Wheaton advises patients to avoid the sun and use appropriate skin creams in the lead-up to their appointment. “Creams that build collagen, like from TNS, Alastin, and SkinBetter, are great collagen-prep creams and can be used to assist in prolonging collagen production. Antioxidants like C E Ferulic and Alto Defense are great, as are the post-treatment creams by SkinMedica.”
During the treatment, you will probably experience some discomfort. “Although the skin is prepped with potent topical numbing cream, there can still be a sensation of heat associated with all resurfacing procedures,” Hartman says. “Sometimes a mild sedative, like alprazolam or nitrous oxide may be given to help ease the discomfort. The skin is vulnerable after the treatment as it heals, but the pain is usually associated with the treatment itself.”
After the treatment, Wheaton says patients might experience sun sensitivity and their skin might be a mild pink hue for several weeks or less (depending on how aggressive the treatment was).
To help with any discomfort, make sure you follow your provider’s aftercare instructions. Hartman says emollient ointments, topical steroids, and mineral sunscreen are important as the skin heals post-treatment. And you can also use ice packs to help with swelling.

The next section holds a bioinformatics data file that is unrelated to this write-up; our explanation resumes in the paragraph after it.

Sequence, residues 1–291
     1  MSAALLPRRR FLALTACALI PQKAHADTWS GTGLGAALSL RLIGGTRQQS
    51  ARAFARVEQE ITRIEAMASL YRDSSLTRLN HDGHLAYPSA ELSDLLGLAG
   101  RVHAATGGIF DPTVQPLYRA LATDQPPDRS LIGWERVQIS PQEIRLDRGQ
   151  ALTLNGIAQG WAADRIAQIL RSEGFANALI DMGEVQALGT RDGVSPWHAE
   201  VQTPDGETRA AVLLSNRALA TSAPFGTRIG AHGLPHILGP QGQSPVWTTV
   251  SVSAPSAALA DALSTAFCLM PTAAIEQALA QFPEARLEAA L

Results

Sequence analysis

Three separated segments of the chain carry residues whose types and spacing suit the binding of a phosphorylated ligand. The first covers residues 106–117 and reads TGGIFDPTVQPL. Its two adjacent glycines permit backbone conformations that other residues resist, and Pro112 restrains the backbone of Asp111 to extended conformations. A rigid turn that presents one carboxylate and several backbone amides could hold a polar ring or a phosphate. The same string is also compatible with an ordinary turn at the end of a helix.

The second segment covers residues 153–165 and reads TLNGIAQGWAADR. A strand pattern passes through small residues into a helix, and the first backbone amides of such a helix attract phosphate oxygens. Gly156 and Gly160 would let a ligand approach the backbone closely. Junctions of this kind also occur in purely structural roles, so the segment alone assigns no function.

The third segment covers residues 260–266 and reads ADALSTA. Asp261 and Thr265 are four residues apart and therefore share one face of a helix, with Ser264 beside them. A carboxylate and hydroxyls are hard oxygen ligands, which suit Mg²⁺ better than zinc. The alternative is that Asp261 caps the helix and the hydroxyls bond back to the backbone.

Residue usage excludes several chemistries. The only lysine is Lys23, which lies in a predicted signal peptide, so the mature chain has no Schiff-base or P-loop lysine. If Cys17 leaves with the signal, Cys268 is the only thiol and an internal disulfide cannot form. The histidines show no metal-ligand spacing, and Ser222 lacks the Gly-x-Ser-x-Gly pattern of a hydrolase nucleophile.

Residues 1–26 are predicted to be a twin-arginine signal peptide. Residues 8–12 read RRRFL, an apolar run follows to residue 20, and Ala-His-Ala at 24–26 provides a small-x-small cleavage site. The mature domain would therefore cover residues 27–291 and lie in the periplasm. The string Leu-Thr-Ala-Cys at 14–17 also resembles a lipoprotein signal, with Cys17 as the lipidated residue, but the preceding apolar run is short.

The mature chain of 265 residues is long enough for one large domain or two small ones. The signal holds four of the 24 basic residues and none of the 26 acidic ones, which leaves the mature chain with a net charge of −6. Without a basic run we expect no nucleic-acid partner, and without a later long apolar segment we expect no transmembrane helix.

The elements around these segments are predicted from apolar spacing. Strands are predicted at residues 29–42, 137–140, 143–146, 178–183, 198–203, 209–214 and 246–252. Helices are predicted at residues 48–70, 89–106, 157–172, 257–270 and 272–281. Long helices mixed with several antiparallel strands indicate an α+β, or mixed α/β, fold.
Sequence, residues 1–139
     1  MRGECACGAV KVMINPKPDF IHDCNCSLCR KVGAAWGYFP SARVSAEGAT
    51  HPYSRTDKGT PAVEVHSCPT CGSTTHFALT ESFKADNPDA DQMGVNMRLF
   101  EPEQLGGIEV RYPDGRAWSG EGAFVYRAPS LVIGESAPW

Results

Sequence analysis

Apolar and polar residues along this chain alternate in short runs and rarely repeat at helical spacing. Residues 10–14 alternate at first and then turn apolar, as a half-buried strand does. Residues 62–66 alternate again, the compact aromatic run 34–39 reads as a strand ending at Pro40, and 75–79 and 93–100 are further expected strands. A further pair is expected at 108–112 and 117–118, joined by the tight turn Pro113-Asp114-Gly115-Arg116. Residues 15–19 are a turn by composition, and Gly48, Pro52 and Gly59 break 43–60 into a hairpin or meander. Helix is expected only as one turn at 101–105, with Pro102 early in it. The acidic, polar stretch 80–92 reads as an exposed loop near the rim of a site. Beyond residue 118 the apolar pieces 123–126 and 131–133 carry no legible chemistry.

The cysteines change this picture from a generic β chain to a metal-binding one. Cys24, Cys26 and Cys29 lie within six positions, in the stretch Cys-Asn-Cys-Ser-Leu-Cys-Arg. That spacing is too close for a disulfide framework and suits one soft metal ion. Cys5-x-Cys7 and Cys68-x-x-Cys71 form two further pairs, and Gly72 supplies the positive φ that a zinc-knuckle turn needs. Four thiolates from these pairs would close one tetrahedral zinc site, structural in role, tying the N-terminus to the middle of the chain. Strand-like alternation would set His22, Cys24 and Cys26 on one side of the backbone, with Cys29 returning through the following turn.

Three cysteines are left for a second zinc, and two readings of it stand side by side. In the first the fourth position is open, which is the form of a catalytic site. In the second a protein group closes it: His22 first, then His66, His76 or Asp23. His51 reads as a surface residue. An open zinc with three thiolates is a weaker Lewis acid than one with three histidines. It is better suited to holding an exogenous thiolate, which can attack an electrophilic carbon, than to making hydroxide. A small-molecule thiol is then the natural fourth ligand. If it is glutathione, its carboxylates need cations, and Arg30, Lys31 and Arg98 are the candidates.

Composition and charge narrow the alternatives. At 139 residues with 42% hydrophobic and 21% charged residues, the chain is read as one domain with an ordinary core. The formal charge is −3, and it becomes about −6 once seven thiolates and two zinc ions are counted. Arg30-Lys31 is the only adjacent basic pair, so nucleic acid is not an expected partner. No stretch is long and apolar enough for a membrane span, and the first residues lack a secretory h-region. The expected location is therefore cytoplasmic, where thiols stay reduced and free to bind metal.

Since laser skin resurfacing is a big procedure, I wondered if there were skincare products that could achieve similar results. I had an idea that no product could mimic what you can get with a legit procedure, but I was curious to see if people with milder skin concerns could get away with just using good products. I mean, after all, it’s not exactly the cheapest treatment—according to the American Society of Plastic Surgeons, the average cost could be $2509 for ablative and $1445 for non-ablative.
Well, it turns out, there’s no OTC product that can get even close to those results. Both experts called it the “gold standard.” “There are no skincare products, OTC or otherwise, that will yield the results of laser resurfacing,” Hartman reiterated. “Laser resurfacing is the gold standard for skin tightening and correction of pigment. There is downtime for a reason. The results are worth it.”
Well, there you have it. My advice if you’re intrigued by all of this? Talk to your dermatologist to see if you’re a good candidate and what your options are. And do more research!